Sleep Training a 2-Year-Old

 Posted by on January 28, 2009  Add comments  Tagged with: ,
Jan 282009

Or 2 days of torture, despair, and ear-splitting noise, as I like to call it.

For the last month or so, Cakes – who is usually quite a good sleeper – has been waking up about every two hours. She has lots of reasons…her nose is running, she needs a drink of water, she wants a big hug. However, the main reason is her fear of “Thomas.”

We live about a mile from the railroad tracks. When we look out our north window, we can see the trains chugging along, but they’re so far away that they look like little model railroad engines. Normally, we don’t hear them at all, but in the winter, when the air is dryer and less dense, the sound travels much farther than usual. Lately, we’ve been hearing the train whistle in the distance several times each night. The rest of us sleep right through it, but Cakes wakes up every time.

Every time. She gets up and runs to her door, screaming “Mommy it’s Thomas, it’s Thomas!” Sometimes we have to get up and return her to bed 10-15 times. As you can imagine, we’re pretty fed up.

You’ve heard me talk in the past about my love of Dr. Marc Weissbluth’s Healthy Sleep Habits, Happy Child.I used this book to sleep-train both of my children, with great success, and because it addresses children’s sleep habits through the teenage years, I continue to refer to it each time one of my children develops a sleep problem. Dr. Weissbluth’s advice has never failed me.

Like most mothers, I have a hard time listening to my children cry. It makes me very upset and anxious. However, I have extremely strong-willed children, and the “no-cry” methods of sleep training simply did not work with them. The extremely rigid, highly-scheduled methods of sleep training were too strict, and some were even dangerous. Dr. Weissbluth’s method is somewhere in the middle…and it works. It works every single time, which is why I’ve learned to tolerate some crying for the sake of a happy outcome, and a well-rested family. Typically, after 2-3 days of crying it out, the sleep problem is solved, and life goes back to normal.

Cakesie’s recent sleep trouble has been making life difficult for all of us. Bee is so tired in the morning that she has trouble getting up for school. I drag myself through the day, yawning constantly, and my husband sometimes conks out right after supper. After last night, when Cakes was up 5 times in one hour, we said enough is enough! I consulted Dr. Weissbluth, who said that children can learn to not be overwhelmed by naturally-occurring fears at bedtime, such as darkness or monsters (or in our case, train whistles). The key is for parents to create a consistent, soothing bedtime routine, with clear expectations for the child, and to follow through with calm resolve.

Tonight, we gave Cakes her bath, brushed her teeth, and got her dressed in her warm, snuggly PJs. Then, she and my husband played quietly in her room for a little while.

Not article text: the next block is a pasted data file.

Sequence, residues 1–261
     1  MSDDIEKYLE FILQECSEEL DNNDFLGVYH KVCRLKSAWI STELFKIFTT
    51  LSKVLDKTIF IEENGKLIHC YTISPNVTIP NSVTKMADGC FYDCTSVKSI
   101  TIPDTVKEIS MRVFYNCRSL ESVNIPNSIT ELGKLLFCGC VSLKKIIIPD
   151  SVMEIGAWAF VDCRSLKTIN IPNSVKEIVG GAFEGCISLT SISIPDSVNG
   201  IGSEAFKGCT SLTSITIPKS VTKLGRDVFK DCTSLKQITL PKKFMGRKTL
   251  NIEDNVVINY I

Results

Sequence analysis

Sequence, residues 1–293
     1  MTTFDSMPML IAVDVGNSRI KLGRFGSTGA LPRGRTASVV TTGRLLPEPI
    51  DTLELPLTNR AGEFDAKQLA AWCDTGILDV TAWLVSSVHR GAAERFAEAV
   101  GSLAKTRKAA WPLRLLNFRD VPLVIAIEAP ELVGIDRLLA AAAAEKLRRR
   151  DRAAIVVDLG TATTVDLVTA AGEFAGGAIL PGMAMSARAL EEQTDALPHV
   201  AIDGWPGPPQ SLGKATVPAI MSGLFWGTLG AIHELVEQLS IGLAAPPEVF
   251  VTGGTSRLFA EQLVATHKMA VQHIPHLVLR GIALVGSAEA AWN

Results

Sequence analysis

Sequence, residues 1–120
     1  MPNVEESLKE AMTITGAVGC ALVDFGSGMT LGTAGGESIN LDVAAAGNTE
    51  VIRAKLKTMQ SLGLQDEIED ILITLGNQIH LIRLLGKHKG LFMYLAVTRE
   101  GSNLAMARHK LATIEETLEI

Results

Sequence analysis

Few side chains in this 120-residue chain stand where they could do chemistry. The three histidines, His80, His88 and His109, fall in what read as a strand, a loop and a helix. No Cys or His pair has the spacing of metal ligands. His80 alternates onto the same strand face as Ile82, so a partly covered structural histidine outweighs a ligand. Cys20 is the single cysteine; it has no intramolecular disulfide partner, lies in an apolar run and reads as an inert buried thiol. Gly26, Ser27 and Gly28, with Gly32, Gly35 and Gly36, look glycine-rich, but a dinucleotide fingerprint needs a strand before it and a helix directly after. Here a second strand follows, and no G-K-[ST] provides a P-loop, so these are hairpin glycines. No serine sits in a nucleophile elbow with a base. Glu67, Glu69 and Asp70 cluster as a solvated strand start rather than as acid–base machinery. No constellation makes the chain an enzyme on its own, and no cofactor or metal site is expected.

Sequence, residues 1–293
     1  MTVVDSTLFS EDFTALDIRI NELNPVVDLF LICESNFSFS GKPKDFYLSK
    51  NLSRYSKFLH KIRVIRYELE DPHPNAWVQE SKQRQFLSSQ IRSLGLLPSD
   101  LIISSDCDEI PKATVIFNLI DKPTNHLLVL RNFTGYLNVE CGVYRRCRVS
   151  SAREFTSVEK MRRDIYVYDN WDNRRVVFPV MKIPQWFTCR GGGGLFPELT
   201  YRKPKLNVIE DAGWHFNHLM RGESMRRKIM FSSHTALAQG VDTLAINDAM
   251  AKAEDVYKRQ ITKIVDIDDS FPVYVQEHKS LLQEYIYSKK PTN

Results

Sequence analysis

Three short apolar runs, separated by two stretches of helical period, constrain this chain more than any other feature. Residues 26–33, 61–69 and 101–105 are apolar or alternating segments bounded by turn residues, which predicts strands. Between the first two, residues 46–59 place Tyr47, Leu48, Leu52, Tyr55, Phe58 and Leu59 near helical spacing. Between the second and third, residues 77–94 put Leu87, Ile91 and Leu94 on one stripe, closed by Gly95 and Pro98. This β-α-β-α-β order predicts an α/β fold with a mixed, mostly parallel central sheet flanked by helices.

When it was time for bed, we tucked her in with her Teletubbies,

and we said her prayers.

Then we explained that it was her bedtime, and bedtime is sleep time. We told her that she must stay in her bed, close her eyes, be quiet, and go to sleep. We also made it very clear that once we left and closed the door, we would not be returning to her room.

We purposely put her to bed a half hour earlier than her usual bedtime, in anticipation of the crying that was to come. At 6:36 PM, we hugged and kissed her goodnight, told her we loved her, walked out, and shut the door.

She immediately got out of bed and went to her door. She started by quietly calling, “Mommy? It’s me.”

When she heard my husband start the popcorn popper, she switched to, “Mommy, you makin’ pahcorn?”

When we ignored her, she started in with the whole “Mommy, it’s Thomas” business. It wasn’t Thomas, but you have to give her credit for trying.

When the Thomas plea got no response, she moved on to “Mommy, my nose hurts! I need a tissue!” When this plea failed to bring one of us into her room, she got really mad. Before long, she was laying on the floor, kicking her door repeatedly with both feet, and screaming, “MOMMY! My nose hurts! My nose hurts! Mommy! MOMMY!”

Soon the screams escalated to sobs, and then to wails, and then to mind-numbing shrieks. My head was pounding. Bee was holding her hands over her ears. At one point she asked if we could please just go get Cakes so she would shut up! During this entire time, my husband was calmly watching TV and eating popcorn. Every time I looked at him with a pained expression, he reminded me that this is the only way to break Cakesie’s bad habits.

Finally, at 8:07 PM, the screaming stopped. After an hour and 31 minutes of torture, there was blissful silence. We all heaved a huge sigh of relief, and my husband said, “Well, she doesn’t give up without a fight does she?”

My husband and Bee went to bed, but I stayed up. I knew that I couldn’t possibly sleep if I didn’t check on Cakes. I tiptoed to her room, and carefully opened her door. I was expecting to find her curled up on the floor in front of her door, but no…she was sound asleep in her bed.

I tucked her in, kissed her sweet-smelling forehead, and tiptoed out.

The worst is over. Better days are ahead.

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